"How Fox News Is Trolling Us By Hiring Howard Kurtz As A Media Analyst–And How It Could Work Out"
Media Matters’ Simon Maloy, who subjects himself to much more Fox News than most of us, argues in a perceptive post that the show that Kurtz is taking over could hardly be worse, and judging by Kurtz’s performance as a guest on it in the past, it might actually get better under Kurtz’s leadership:
More than anything else, Fox News Watch became a propaganda tool for the network. Any time Fox News or its parent company, News Corp., found itself in the headlines for ethical lapses or bad media practices, Fox News Watch would ignore the story. In 2011, when the scandal over phone hacking at News Corp.’s News Of The World was blowing up, Jon Scott and his Fox News Watch panelists were filmed discussing how they were purposefully not talking about it. When it was revealed that News Corp. had donated millions of dollars to pro-Republican political groups ahead of the 2010 election, Fox News Watch didn’t say a word. In late 2012, after national security journalist Tom Ricks caused a huge stir by saying on Fox News that the network was “operating as a wing of the Republican Party” with regard to its Benghazi coverage, Fox News Watch ignored the story — a fact that’s even more remarkable when you consider that the person interviewing Ricks when he made that comment was… Jon Scott.
Conversely, whenever Fox News wanted to highlight positive coverage of the network, Fox News Watch would oblige. Journalist Zev Chafets’ biography of Fox News president Roger Ailes, released earlier this year, drew fire from critics who questioned Chafets’ objectivity. Fox News Watch covered the biography’s release by re-airing a fawning interview Chafets had with the hosts of Fox & Friends earlier that week. Scott closed the segment by saying of Ailes: “He did build Fox News channel into number one. Tough being on top, everyone’s always aiming at you trying to bring you down.”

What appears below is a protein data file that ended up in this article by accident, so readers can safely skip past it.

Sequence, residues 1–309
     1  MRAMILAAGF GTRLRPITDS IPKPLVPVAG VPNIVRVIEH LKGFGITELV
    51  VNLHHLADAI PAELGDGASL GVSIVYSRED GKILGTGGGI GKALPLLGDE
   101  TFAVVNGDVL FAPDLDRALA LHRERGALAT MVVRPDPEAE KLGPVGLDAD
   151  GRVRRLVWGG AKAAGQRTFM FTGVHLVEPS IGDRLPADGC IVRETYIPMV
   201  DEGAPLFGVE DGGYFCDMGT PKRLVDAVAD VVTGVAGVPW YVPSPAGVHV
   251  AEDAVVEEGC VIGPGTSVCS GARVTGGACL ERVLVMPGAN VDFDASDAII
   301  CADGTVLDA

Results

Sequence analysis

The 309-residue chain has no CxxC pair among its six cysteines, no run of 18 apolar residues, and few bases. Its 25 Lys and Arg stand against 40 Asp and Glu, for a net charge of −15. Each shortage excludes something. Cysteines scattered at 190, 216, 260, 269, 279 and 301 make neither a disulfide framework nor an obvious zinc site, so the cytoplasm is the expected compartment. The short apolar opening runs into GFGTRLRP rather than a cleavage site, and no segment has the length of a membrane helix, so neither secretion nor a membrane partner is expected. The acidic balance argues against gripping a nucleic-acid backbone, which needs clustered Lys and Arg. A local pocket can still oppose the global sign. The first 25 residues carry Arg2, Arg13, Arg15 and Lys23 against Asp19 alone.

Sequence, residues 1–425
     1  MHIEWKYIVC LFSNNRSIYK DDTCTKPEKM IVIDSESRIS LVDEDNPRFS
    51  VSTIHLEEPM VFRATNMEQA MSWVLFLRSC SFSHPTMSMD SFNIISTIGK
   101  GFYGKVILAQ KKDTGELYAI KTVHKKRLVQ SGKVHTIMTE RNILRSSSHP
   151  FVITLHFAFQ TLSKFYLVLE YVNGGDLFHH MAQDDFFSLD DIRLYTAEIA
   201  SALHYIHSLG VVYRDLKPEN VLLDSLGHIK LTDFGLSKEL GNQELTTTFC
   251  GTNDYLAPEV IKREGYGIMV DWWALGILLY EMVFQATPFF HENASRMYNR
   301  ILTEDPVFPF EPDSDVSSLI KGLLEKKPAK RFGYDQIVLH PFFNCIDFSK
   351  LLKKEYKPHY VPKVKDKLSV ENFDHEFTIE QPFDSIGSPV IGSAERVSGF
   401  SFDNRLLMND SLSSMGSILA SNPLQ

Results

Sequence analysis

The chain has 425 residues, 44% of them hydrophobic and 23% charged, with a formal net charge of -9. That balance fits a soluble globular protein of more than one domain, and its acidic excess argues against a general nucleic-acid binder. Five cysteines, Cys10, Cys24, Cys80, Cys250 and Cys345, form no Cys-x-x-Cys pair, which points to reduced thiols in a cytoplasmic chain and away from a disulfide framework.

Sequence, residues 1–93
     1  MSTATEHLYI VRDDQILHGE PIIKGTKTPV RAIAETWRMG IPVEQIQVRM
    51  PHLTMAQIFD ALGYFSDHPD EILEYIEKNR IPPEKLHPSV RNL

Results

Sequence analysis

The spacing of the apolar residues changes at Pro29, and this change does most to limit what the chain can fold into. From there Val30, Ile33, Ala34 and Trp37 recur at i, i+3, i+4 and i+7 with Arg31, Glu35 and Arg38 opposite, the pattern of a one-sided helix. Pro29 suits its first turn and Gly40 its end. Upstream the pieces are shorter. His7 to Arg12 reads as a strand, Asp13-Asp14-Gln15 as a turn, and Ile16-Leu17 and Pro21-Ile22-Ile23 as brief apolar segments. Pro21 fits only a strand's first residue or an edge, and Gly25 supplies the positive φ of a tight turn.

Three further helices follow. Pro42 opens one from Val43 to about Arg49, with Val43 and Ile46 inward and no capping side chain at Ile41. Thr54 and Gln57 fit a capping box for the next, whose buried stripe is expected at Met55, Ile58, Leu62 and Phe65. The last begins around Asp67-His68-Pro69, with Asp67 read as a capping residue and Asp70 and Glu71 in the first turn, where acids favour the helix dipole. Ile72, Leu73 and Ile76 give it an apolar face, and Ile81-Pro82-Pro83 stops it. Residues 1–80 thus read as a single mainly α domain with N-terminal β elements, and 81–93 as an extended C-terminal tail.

Given that point, I wonder if there’s something else at work here. Fox has a habit of hiring analysts with a certain eye towards irony, and what will make Fox-watchers twitch. Mark Fuhrman, the racist cop from the O.J. Simpson trial isn’t working as a “forensic and crime scene” expert for Fox News because Fox News has terrible taste in talent, but because Fox knows precisely how irritating it is to careful observers that Fuhrman is on their roster. Ditto with Judith Miller, who disgraced herself with her reporting on the leadup to the war in Iraq in the New York Times. The folks at Fox aren’t stupid: they’re crazy like their namesakes, and they know precisely what sorts of sharp sticks they can poke in their critics’ ribs.
Hiring Kurtz looks like a similar move to annoy the small community of people who are obsessed by media scandals (and judging by the ratings for Kurtz’s apology, that community is quite small), but I wonder if there’s something else at work here. Recently, Fox has feasted on mostly-overblown scandal coverage, but the network in recent years has also made some moves that suggest it recognizes the limits of the profits available on the fringe. Glenn Beck is long gone. Dick Armey’s contract was allowed to expire. Sarah Palin is back as a contributor after a hiatus, but it’s clear that she’ll be appearing as a commentator, and that the network’s plans to treat her as the center of a potential franchise are basically dead. And Megyn Kelly will be taking over Greta Van Susteren’s evening time slot on the network this year, a move that might allow her to rely less on flogging conspiracy theories about the New Black Panthers and more to focus on the news, where she often does quite well.
None of this is to say that Fox News has turned over an entirely new leaf, apologized for the damage it’s done to the American media environment, and gone all public broadcasting on us. Roger Ailes has too much fun trolling for that to be true. But Howard Kurtz, if he wants to redeem himself rather than tumble down the path to Judy Millerdom, which seems like an unappealing place to land, has a lot of hustling to do. If NewsCorp, which is in the process of dividing itself into two companies, wants to make some improvements at the edge of Fox News, its media analysis show seems like a place where the product could be redesigned to appear less blatantly corrupted without blowing up a brand too many fans have come to rely on without giving them time to adjust. As much as it’s easy to mock Fox for hiring Kurtz, that combination of needs could produce a show with actual ambition. Rather than laughing the hire off, it’ll be worth watching to see what happens.